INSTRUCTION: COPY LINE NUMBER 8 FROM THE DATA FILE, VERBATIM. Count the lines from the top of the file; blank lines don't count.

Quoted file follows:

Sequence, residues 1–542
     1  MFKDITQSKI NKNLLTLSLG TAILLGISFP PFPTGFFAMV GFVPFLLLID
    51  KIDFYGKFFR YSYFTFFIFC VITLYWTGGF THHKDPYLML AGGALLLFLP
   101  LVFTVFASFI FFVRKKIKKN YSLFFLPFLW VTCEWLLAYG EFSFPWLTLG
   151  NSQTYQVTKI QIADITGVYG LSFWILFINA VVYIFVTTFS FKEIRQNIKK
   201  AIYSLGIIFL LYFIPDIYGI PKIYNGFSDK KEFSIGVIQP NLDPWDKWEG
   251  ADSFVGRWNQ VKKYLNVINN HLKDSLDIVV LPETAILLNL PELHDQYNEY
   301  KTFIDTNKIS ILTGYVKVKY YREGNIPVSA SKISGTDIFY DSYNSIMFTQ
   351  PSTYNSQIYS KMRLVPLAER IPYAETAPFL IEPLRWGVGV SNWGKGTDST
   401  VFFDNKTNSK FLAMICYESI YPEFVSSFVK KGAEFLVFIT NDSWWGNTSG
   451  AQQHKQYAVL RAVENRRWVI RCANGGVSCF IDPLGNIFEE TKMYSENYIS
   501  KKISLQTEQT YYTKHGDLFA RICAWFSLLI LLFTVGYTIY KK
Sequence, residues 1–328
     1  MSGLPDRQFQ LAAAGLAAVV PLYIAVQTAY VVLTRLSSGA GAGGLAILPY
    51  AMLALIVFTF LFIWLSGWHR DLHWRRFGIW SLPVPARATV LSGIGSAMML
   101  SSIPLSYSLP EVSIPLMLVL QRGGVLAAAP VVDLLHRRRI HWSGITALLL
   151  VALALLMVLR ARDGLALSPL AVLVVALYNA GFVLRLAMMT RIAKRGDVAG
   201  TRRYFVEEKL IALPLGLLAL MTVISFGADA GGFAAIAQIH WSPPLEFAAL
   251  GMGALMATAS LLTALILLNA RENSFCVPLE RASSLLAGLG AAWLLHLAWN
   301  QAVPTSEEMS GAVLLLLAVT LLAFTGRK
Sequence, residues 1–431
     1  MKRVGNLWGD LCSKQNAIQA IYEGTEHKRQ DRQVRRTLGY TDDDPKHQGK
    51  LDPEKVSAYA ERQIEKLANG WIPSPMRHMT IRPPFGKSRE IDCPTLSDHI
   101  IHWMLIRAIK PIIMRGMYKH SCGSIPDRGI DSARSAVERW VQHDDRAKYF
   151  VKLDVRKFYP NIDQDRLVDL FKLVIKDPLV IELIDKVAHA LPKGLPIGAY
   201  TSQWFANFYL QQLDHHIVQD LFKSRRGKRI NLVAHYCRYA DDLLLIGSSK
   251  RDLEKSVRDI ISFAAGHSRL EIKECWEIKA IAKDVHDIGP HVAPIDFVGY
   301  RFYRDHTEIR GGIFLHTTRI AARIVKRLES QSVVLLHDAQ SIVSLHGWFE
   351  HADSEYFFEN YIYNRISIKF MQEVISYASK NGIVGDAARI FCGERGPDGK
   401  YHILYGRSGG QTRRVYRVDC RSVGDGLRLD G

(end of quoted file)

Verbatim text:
   301  KTFIDTNKIS ILTGYVKVKY YREGNIPVSA SKISGTDIFY DSYNSIMFTQ